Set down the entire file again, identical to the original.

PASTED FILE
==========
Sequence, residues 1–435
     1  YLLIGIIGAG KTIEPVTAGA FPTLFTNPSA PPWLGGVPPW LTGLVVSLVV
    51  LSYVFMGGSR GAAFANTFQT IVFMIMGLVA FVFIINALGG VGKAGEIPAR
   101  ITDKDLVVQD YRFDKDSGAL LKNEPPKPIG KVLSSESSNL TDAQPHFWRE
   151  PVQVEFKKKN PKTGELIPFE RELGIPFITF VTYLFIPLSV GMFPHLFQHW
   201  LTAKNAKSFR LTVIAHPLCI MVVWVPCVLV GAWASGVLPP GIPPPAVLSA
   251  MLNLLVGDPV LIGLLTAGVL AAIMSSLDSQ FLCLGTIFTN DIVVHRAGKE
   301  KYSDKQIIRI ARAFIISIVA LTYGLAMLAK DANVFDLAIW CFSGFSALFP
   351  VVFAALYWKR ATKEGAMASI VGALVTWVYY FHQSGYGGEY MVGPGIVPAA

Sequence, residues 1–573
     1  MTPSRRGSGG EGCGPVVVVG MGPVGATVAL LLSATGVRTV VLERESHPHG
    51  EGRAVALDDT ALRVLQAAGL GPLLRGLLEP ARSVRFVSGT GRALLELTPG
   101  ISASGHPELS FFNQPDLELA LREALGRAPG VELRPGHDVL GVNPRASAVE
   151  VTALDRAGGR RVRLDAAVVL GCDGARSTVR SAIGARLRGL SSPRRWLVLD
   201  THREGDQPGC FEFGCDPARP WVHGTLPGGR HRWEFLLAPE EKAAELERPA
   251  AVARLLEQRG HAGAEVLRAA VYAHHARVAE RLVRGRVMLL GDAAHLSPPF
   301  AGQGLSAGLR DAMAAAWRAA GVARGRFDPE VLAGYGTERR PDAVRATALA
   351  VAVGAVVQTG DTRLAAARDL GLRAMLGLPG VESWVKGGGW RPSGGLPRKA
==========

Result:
Sequence, residues 1–435
     1  YLLIGIIGAG KTIEPVTAGA FPTLFTNPSA PPWLGGVPPW LTGLVVSLVV
    51  LSYVFMGGSR GAAFANTFQT IVFMIMGLVA FVFIINALGG VGKAGEIPAR
   101  ITDKDLVVQD YRFDKDSGAL LKNEPPKPIG KVLSSESSNL TDAQPHFWRE
   151  PVQVEFKKKN PKTGELIPFE RELGIPFITF VTYLFIPLSV GMFPHLFQHW
   201  LTAKNAKSFR LTVIAHPLCI MVVWVPCVLV GAWASGVLPP GIPPPAVLSA
   251  MLNLLVGDPV LIGLLTAGVL AAIMSSLDSQ FLCLGTIFTN DIVVHRAGKE
   301  KYSDKQIIRI ARAFIISIVA LTYGLAMLAK DANVFDLAIW CFSGFSALFP
   351  VVFAALYWKR ATKEGAMASI VGALVTWVYY FHQSGYGGEY MVGPGIVPAA

Sequence, residues 1–573
     1  MTPSRRGSGG EGCGPVVVVG MGPVGATVAL LLSATGVRTV VLERESHPHG
    51  EGRAVALDDT ALRVLQAAGL GPLLRGLLEP ARSVRFVSGT GRALLELTPG
   101  ISASGHPELS FFNQPDLELA LREALGRAPG VELRPGHDVL GVNPRASAVE
   151  VTALDRAGGR RVRLDAAVVL GCDGARSTVR SAIGARLRGL SSPRRWLVLD
   201  THREGDQPGC FEFGCDPARP WVHGTLPGGR HRWEFLLAPE EKAAELERPA
   251  AVARLLEQRG HAGAEVLRAA VYAHHARVAE RLVRGRVMLL GDAAHLSPPF
   301  AGQGLSAGLR DAMAAAWRAA GVARGRFDPE VLAGYGTERR PDAVRATALA
   351  VAVGAVVQTG DTRLAAARDL GLRAMLGLPG VESWVKGGGW RPSGGLPRKA